A number of changes to Japanese ID registration systems have been implemented in recent years, some of them for everyone in Japan and others pertinent only to foreign nationals. The ins and outs can be a bit confusing, particularly for those who have been used to living under the old systems for many years. Here is a summary of the various IDs and what they mean for you:

Residence card (zairyū card)

Introduced in July 2012, this replaced the old alien registration card (colloquially known as “gaijin cards”) for non-Japanese with “mid- to long-term residential status” (basically longer than three months). The three-year grace period for swapping over has come and gone, so we hope there are no Japan Times readers out there thinking the alien registration card is still valid. The plastic laminated cards, which bear your photo, can be renewed at your nearest immigration bureau or obtained at the airport upon arrival at the airport if you’re getting one for the first time. The name on the card matches what is in your passport. This is the primary source of ID for non-Japanese residents and by law you are supposed to always carry it with you.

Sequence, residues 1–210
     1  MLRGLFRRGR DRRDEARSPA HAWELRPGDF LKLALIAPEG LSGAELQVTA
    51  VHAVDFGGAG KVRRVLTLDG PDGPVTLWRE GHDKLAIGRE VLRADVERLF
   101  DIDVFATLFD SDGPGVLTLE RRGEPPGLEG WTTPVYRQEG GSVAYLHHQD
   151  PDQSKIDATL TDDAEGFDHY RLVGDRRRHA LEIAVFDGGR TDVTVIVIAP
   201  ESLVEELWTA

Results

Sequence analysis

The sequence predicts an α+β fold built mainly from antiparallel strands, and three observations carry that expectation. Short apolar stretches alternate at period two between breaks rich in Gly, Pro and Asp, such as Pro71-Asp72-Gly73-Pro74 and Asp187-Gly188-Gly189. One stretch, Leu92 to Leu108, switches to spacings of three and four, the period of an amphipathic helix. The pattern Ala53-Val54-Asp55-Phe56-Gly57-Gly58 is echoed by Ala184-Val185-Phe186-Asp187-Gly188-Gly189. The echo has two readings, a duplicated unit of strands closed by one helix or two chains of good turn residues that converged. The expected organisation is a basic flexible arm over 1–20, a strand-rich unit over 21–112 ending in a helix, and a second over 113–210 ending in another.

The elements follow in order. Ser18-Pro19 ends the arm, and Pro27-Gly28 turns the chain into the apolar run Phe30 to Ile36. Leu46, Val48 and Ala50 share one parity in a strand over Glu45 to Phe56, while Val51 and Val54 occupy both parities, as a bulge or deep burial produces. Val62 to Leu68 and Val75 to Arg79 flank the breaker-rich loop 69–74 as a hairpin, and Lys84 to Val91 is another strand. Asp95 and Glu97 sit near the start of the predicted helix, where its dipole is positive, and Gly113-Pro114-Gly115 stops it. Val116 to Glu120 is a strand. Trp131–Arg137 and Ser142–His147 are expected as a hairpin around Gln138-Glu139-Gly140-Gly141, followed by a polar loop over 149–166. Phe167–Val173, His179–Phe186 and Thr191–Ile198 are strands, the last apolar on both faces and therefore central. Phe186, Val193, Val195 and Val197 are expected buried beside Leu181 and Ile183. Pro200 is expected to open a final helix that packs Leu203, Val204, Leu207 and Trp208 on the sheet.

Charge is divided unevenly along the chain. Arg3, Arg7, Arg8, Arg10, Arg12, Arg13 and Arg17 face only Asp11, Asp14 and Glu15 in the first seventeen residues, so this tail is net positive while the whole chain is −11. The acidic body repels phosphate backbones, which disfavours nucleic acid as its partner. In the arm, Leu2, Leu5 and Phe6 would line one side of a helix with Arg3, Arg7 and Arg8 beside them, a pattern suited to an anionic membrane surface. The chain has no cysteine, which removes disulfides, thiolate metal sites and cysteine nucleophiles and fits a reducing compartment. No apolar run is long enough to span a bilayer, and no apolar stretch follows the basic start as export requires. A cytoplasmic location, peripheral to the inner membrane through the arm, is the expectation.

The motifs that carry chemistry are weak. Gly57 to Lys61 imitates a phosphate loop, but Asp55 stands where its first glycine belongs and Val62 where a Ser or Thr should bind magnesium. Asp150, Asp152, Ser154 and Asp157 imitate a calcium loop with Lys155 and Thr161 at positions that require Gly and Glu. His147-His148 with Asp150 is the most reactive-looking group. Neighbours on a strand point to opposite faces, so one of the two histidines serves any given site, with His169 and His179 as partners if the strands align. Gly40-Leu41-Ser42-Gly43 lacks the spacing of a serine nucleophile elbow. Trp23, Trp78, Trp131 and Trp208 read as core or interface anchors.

Resident record (jūminhyō)

Along with the adoption of the residence card system above, from 2012 foreign nationals have been included in the national resident registration system, just like Japanese citizens. New arrivals who are issued a residence card at the airport are required to register an address in Japan at their local municipal office (shiyakusho) within 14 days. Similarly, if your address changes, you must notify the municipal office in your new location, again within 14 days. A copy of your resident record may be required in certain cases, such as when applying for a mobile phone, and one can quickly be issued upon request for a small fee at the municipal office. It comes in the form of a sheet of embossed paper.

Basic resident registration card (jūmin kihon daichō card, or ‘jūki card’)